Forming in Texas in 1981, Pantera were initially a Hair Metal band before, after four failed albums, they got in Phil Anselmo as lead singer. Their next album was not a success, but the one after, ‘Cowboys from Hell,’ catapulted them into the mainstream. As the Metal world collapsed around them, they went from strength to strength in the 90s, but sadly, internal tensions led to their break-up in 2003, and Dimebag Darrell Abbott, the sole guitarist in the band and founding member, was shot dead at a gig with his new band, Damageplan, putting the seal on the end of Pantera.
D. Abbott was a close friend of Zakk Wylde and they shared a love of Black Sabbath. Beyond that, D. Abbott was a huge fan of Eddie Van Halen. Van Halen placed a guitar in D. Abbott’s coffin. His other big influence was Ace Frehley. Later on, the band became more influenced by Thrash bands as they moved from a glam sound and invented Groove Metal. Other influences on D. Abbott included Billy Gibbons and Joe Satriani.
Classics (the albums even a casual fan owns)
‘Vulgar Display of Power’ (1992):
This is ground zero for Pantera. They were never better than this. The previous album was good, but still had some traditional Metal elements. This album threw those in the bin and defined the Groove Metal sound that would define Pantera. Songs like Mouth for War and Walk were heavy in ways no one had ever heard before in the mainstream. Just as the Metal world was on the verge of imploding with the arrival of Grunge, Pantera fed us something fresh and new and we were all ears.
‘Cowboys from Hell’ (1990):
Finally signed to a major label, Pantera gave it all they had, with songs like Primal Concrete Sledge and Cowboys from Hell showing the way forward, and Cemetery Gates showing their mastery of the more classic Metal styles they were leaving behind. A band on the cusp of greatness, they nearly reached their goal with this album, but it all came together on the next one.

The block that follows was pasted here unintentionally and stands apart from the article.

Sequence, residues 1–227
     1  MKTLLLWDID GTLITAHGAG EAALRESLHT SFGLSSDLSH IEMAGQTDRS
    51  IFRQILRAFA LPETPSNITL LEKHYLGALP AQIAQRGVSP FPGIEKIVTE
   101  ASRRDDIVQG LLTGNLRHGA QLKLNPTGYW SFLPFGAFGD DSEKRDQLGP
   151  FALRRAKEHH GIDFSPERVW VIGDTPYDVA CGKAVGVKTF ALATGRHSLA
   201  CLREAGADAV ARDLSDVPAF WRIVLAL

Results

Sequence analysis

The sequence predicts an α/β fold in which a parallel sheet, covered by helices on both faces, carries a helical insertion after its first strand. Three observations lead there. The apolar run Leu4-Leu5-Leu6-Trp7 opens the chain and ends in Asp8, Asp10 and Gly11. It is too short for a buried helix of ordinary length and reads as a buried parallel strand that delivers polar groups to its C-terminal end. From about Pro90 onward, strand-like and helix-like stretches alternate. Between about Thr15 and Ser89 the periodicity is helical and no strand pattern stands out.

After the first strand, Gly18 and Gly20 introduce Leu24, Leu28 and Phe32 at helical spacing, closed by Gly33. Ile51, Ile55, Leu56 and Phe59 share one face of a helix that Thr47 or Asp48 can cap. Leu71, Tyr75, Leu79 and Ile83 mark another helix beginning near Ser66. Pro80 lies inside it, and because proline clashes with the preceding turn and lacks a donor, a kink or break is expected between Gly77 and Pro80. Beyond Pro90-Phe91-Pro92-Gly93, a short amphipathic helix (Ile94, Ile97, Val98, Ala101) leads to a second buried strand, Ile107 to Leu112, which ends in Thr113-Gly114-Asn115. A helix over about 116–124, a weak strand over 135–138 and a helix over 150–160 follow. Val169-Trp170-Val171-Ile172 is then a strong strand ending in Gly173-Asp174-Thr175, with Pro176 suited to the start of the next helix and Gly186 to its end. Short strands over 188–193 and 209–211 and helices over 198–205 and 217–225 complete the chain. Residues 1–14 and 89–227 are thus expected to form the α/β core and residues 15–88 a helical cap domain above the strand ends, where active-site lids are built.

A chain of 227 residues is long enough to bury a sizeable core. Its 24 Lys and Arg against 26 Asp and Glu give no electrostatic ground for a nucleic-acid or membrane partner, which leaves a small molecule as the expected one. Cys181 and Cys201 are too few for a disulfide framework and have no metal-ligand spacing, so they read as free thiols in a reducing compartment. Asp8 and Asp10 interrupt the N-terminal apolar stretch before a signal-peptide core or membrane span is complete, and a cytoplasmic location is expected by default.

‘Far Beyond Driven’ (1994):
Debuting on the album charts at number one, back in the days when people bought CDs, this album announced that Pantera were a big deal. However, while songs like 5 Minutes Alone and I’m Broken were up to par, overall this album was not as strong as its predecessor.
Next Steps (One step below, but these albums still shine in the catalogue)
‘Reinventing the Steel’ (2000):
After the band tried to stretch out on ‘The Great Southern Trendkill,’ this album marked an attempt to return to their earlier sounds. Most people know this never really works out, and in this case, the fighting within the band made it all but impossible to reach the heights of years gone by. The end was not far away.
‘The Great Southern Trendkill’ (1996):
Within the band, Rex Tillerson stayed quiet, Anselmo wanted to keep it heavy and the Abbott brothers wanted to try new sounds. This is the album where the brothers won, and sadly, while the album was diverse, even including some balladry, it just wasn’t up to scratch.
‘Power Metal’ (1988):
Anselmo is here so all is well, right? Well, no. This is the best of the early albums, it’s faster and heavier, but the vocals are high pitched and song titles like Rock the World and Proud to be Loud (the latter written by Marc Ferrari of Keel), show they were still not there yet. If you want to check out the earlier stuff though, start here.
Fan Favourite (Not a hit, but fans love it)
‘Official Live 101 Proof’ (1997):
As the only official live document of a uniquely powerful Heavy Metal band, this is a keeper. But, while it was certainly successful on release, it’s often forgotten about when people talk about Pantera. Certainly the first three albums by this band on a major label were a heck of a golden run, but the combination of some (admittedly not essential) new tracks and a live document make this a must purchase.
Controversial (The one fans disagree on)
‘I am the Night’ (1985):
The last album with Terry Glaze on vocals sees the band moving from glam towards traditional Heavy Metal. Glaze has suggested it’s influenced by Iron Maiden, but that’s a bit of a stretch. There’s a bit of Judas Priest in songs like Hot and Heavy, but once the vocals start, we may as well be on the Sunset Strip. So what it comes down to is, do you like this sort of music as well? If you do, then this is a cool window in to what Abbott (then Diamond Darrell) was doing before hitting the big time. But if you hate 80s glam, there’s probably nothing for you here.
Buy this last (Not all bands have a ‘bad’ album, but this is the worst of them)
‘Metal Magic’ (1983):
The first Pantera album came out in 1983. D. Abbott loved Ace Frehey and Eddie Van Halen. It’s really no surprise that what’s on offer here is cliched glam from a band still starting out and finding themselves. Song titles like Ride my Rocket should tell you all you need to know.
Playlist (a killer playlist for your phone):
Cowboys from Hell (‘Cowboys from Hell’)
Cemetery Gates (‘Cowboys from Hell’)
Mouth for War (‘Vulgar Display of Power’)
Walk (‘Vulgar Display of Power’)
Fucking Hostile (‘Vulgar Display of Power’)
This Love (‘Vulgar Display of Power’)
Five Minutes Alone (‘Far Beyond Driven’)
I’m Broken (‘Far Beyond Driven’)
Planet Caravan (‘Far Beyond Driven’)
Revolution is my Name (‘Reinventing the Steel’)
Drag the Waters (‘Great Southern Trendkill’)
The Badge (‘Reinventing Hell’)